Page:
What better way to understand why a Jewish education in general and BJEP Jewish Sunday school in particular is important than through the words of one of our classroom teachers? In a world with incidents of anti-Semitism and violence, it’s difficult to make sense of what’s happening around us. By providing a foundation and support for building a strong Jewish identity, our students develop pride in their heritage while learning and growing together. They are able to ask questions and dig deeply to explore what matters to them. They are also able to respond with more confidence and authority when faced with anti-Semitism in their own lives.

The following speech, by former seventh-grade teacher and aspiring rabbi Alex Friedman, then a Brandeis University senior, demonstrates the values we strive to instill. He gave this speech on the opening day of BJEP, the Boston-area Jewish Education Program that meets on the Brandeis campus in Waltham.

Why Are We Here?
By Alex Friedman

I have to ask a question, one that I imagine will be on your minds frequently when you come to class. Namely, why are we here?

I’ll tell you why I’m here.

I’m here for you.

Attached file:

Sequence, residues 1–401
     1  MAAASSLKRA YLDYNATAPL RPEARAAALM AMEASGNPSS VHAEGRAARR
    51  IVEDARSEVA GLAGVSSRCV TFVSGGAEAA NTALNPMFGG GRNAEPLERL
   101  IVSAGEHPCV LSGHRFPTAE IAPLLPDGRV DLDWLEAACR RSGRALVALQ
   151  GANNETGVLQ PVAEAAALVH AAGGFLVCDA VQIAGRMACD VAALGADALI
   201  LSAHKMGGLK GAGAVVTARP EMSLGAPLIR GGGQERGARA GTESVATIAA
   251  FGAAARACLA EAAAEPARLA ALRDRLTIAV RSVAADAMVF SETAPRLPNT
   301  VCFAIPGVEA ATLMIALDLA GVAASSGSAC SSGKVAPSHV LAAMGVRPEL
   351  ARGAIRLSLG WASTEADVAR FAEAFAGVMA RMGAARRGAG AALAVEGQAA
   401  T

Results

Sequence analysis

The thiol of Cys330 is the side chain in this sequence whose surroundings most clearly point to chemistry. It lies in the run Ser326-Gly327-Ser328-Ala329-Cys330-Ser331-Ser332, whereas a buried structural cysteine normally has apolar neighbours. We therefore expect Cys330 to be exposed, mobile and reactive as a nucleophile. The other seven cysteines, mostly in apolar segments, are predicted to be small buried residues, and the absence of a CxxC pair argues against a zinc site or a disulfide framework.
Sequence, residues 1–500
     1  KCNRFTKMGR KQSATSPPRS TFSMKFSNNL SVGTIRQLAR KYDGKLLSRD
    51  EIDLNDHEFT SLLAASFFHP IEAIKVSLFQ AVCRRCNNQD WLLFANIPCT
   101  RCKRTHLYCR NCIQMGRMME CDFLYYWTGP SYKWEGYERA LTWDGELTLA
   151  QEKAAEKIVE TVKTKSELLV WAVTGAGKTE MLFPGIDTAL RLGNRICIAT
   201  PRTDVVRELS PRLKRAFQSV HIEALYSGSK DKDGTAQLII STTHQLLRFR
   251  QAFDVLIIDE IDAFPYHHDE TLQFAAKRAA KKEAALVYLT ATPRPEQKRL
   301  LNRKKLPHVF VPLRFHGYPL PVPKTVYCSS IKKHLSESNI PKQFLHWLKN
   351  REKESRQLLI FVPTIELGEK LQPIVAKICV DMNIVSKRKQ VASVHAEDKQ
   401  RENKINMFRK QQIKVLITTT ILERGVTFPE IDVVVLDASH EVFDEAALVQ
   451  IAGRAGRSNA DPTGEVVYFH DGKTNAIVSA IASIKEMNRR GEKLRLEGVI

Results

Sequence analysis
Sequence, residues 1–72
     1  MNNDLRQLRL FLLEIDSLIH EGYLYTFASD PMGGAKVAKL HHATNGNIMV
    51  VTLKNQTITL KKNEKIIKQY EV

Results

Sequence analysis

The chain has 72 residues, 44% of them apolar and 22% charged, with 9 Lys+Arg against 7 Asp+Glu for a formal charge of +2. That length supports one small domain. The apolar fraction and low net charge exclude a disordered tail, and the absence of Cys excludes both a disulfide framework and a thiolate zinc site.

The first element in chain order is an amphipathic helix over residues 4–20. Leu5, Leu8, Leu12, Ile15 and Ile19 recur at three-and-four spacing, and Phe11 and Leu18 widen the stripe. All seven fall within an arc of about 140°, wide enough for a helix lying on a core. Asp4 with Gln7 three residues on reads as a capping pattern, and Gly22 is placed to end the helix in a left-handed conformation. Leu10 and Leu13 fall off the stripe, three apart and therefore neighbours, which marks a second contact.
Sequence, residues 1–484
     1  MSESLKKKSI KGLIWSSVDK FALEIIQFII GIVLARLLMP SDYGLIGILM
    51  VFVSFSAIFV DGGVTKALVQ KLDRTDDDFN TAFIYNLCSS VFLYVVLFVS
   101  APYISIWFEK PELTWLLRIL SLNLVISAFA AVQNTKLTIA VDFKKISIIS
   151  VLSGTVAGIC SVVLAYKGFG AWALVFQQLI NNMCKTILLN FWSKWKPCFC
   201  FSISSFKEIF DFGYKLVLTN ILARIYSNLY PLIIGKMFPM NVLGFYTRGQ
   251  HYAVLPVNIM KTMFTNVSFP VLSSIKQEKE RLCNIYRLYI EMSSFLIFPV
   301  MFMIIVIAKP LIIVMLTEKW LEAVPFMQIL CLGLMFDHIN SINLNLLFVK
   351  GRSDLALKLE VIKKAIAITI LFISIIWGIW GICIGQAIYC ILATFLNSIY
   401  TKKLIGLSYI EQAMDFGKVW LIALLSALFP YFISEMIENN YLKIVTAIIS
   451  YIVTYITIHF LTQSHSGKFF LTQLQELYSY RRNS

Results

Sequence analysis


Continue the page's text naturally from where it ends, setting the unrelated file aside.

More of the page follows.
Yes. You.

You are a Jew. You, by virtue of birth or conversion, have been born into a people who date back over 5,000 years, the last of the templed ancients to cohesively survive to this day. You have inherited the collected wisdom, stories, laws, history, language, food, music, dance of a civilization. You inherited it because the generations before you wanted you to have it. Wanted you to have it so much that they suffered terrible oppression, moved thousands of miles across the world, hid in the worst places and were often killed. Wanted you to have it so much they wove it into the fabric of their lives, taught it to their children, memorized its greatest ideas so they could not be burned. That’s how much they wanted you to have it.

You, no matter what you do, will always be a Jew. You can learn and forget calculus, you can start a band, you can move across the world and you will still be a Jew. You can cut and color your hair, change your name, school, pronouns or get married, and you will still be a Jew. You can even eat every pig on Earth and never learn a word of Hebrew and you will still be a Jew.

This “being Jewish” thing, it’s permanent when almost nothing else ever is.

So why am I here?

I’m here to help you inherit your birthright. That’s my whole job. I’m here because you’re going to live your entire lives as Jews, and it would be a crime to spend those lives knowing little about what that actually means. I’m here because there is far more that Judaism has to offer you than a bar/bat mitzvah party earned through the memorization of strange scratches on parchment. I’m here to shepherd you into a family. Not one of shared blood, but shared memory. One which tells the same stories no matter where or when it lives, one which will support you always, and one for whom you are responsible. A holy community.

That’s my job, and that’s why we’re here.

Let’s get started.

Cantor Jeri Robins is the director of BJEP.

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